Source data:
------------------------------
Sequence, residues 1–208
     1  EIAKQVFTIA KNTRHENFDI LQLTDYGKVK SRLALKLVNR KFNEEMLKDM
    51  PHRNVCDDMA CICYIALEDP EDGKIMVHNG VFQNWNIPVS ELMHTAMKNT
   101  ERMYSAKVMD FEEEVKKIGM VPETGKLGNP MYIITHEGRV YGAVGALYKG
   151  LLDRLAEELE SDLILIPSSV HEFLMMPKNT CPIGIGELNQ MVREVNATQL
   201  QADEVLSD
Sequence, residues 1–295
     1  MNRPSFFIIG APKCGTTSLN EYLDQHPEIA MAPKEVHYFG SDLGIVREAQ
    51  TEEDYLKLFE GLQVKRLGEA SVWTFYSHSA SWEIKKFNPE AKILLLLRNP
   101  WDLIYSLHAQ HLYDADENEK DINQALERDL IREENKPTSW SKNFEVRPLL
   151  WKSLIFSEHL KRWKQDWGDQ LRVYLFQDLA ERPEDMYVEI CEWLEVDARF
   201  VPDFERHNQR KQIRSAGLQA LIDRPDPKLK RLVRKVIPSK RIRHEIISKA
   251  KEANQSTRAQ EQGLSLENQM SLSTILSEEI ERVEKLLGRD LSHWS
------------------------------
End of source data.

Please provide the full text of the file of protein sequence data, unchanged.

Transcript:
Sequence, residues 1–208
     1  EIAKQVFTIA KNTRHENFDI LQLTDYGKVK SRLALKLVNR KFNEEMLKDM
    51  PHRNVCDDMA CICYIALEDP EDGKIMVHNG VFQNWNIPVS ELMHTAMKNT
   101  ERMYSAKVMD FEEEVKKIGM VPETGKLGNP MYIITHEGRV YGAVGALYKG
   151  LLDRLAEELE SDLILIPSSV HEFLMMPKNT CPIGIGELNQ MVREVNATQL
   201  QADEVLSD
Sequence, residues 1–295
     1  MNRPSFFIIG APKCGTTSLN EYLDQHPEIA MAPKEVHYFG SDLGIVREAQ
    51  TEEDYLKLFE GLQVKRLGEA SVWTFYSHSA SWEIKKFNPE AKILLLLRNP
   101  WDLIYSLHAQ HLYDADENEK DINQALERDL IREENKPTSW SKNFEVRPLL
   151  WKSLIFSEHL KRWKQDWGDQ LRVYLFQDLA ERPEDMYVEI CEWLEVDARF
   201  VPDFERHNQR KQIRSAGLQA LIDRPDPKLK RLVRKVIPSK RIRHEIISKA
   251  KEANQSTRAQ EQGLSLENQM SLSTILSEEI ERVEKLLGRD LSHWS